#1
Lately I've become increasingly focused on improving my rhythm playing. Studying interesting chord changes, metronome practice, etc. I was wondering if there were any useful exercises that could assist me with my mission.
Rag Mop Do Do Duh DoDo Dedo Do!!!!!

R_A_G_G_M_O_P_P

RAGMOP
#2
Chord voicings, for sure. When I'm tracking rhythm parts, I find it very important to add interesting notes to my chords.
Gear:
Agile Septor Pro 727 EB Nat Ash
ESP/LTD Deluxe MH-1000NT
Epiphone Les Paul Standard
Line 6 Spider Valve HD100 Head
Vox 4x12 Cabinet
#3
I'm no expert but here are some of the things I do to practice my rhythm.


# Practice chord changes ALOT. You should be able to shift between any and every chord that you know smoothly, even the stupid ones. Stick the metronome on a slow tempo and try going through everything you know in every position, since this can be quite boring try and mix it up by playing the bass and treble parts separately (can turn standard old chords into something new).

# Try writing down some random chords, looking at them for 30 seconds, committing them to memory, and then trying to play in time with the metronome without looking at what you have written.

e.g.

G, C, Dm, D7, F

Bdim, Em, C, C7, G

# Try playing around with the beat too. Start off with one beat per measure, then double, double it, double it, etc.

Some theory exercises will be of help too. Study cadence and how it can drive the music into different directions based on the last chords used.

Hope this helps for now
Last edited by Calibos at Dec 16, 2009,
#4
Are there any exercises out here for 16th note strumming that doesn't incorporate funk or 9th chord syncopation? That's also another good way to go about it.

I have heard of a lot of people working their strums through tied notes and such in 8th note strumming, but when it gets to 16ths and how to strum, feel and read a lot of complaints that all there are for that are the James Brown 9th chord funk lessons, as if that's the only reason to play 16ths in rhythm.

As far as 1 e and a 2 e and a 3 e and a 4 e and a - they get the count, but are there any exercises/resouces out there, so they can get better at reading and knowing how to strum these on the fly, say in with some 8th note stuff also?
#5
Make your own backing tracks. Come up with a chord progression, make up a strumming pattern on paper, then record it. Voila, you've got some rhythm practice, you've probably made yourself play it to a decent standard cos you've recorded it, and you've got a new BT to improvise to out of it as well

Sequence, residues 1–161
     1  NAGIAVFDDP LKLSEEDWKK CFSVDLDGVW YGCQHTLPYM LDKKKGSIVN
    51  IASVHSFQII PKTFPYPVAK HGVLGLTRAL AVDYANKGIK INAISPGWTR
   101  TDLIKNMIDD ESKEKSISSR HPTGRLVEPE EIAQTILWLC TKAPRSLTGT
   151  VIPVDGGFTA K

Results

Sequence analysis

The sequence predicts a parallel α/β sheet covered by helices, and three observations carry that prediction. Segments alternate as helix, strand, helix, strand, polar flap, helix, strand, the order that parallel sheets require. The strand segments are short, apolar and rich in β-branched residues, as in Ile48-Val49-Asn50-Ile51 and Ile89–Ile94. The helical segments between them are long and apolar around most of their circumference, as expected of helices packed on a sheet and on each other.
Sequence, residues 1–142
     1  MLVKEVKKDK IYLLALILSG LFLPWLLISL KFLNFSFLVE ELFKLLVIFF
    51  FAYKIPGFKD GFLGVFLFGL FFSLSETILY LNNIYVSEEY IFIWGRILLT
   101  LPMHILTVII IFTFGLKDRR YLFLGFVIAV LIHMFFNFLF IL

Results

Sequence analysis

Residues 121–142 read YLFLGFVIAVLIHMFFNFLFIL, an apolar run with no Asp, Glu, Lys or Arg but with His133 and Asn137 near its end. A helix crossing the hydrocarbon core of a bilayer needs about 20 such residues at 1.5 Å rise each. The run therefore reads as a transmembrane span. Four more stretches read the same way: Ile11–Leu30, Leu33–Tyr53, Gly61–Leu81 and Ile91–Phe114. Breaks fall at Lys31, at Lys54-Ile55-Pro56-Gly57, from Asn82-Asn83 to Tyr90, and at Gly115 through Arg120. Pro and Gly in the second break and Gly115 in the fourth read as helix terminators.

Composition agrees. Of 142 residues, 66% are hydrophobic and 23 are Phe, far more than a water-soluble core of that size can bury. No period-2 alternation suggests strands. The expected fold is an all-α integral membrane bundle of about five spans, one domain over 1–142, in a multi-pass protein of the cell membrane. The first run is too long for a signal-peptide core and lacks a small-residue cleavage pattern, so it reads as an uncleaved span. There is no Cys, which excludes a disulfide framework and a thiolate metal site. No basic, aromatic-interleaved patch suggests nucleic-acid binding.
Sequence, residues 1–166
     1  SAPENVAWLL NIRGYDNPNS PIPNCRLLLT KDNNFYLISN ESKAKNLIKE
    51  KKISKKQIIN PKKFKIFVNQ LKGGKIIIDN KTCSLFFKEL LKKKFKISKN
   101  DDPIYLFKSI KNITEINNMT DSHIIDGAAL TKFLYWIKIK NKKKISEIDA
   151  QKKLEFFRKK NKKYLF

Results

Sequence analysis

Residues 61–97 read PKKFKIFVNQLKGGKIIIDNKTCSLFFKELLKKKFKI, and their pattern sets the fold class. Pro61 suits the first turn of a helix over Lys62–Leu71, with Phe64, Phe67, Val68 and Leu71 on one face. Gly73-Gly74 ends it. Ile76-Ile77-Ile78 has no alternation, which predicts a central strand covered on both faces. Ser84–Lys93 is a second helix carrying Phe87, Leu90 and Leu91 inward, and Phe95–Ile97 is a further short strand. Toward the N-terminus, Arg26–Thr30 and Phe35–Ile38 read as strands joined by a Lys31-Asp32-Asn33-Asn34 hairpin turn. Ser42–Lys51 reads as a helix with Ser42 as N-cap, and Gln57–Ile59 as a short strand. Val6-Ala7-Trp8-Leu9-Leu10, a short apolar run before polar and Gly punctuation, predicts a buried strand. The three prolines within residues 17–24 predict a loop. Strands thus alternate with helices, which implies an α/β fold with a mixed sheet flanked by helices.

#6
Put the metronome super slow, like quarter notes at 50 or even 45. Just play quarter notes with the metronome, and dont accept anything then absolute perfection

Set the metronome to 80 or so. Play 2 bars of 8th notes, then immediately go into 2 bars of triplets. Then 16ths, then 5tuplets, and keep going as long as you can. I usually make it to 11's
#7
Quote by tubatom868686
Put the metronome super slow, like quarter notes at 50 or even 45. Just play quarter notes with the metronome, and dont accept anything then absolute perfection
lol thats evul. I haven't tried it but I do know that is pretty darn hard!
Last edited by zhilla at Dec 17, 2009,
#8
There's a great book called, "Rhythm Guitar, the Complete Guide". It's written by one of the GIT instructors. It costs less than 20 bucks. It covers EVERYTHING. It starts out pretty basic, (open position chords, strumming patterns, etc.) Then gradually gets more and more advanced. If you're dedicated, you should be able to get through it in a month or so.
There's my way and the wrong way.
#9
I just play songs. Some of my favorite rhythms are: american girl intro strumming, almost all jack johnson stuff, jack's mannequin rhythm stuff such as lights and buzz
this is a post. there are many like it but this one is mine

=======================

Taylor Big Baby
Agile 3100 CSB
Peavey classic 30/112
Okko Dominator, Big muff pi, cs3, dd3, ch1, ts9, ad9, classic wah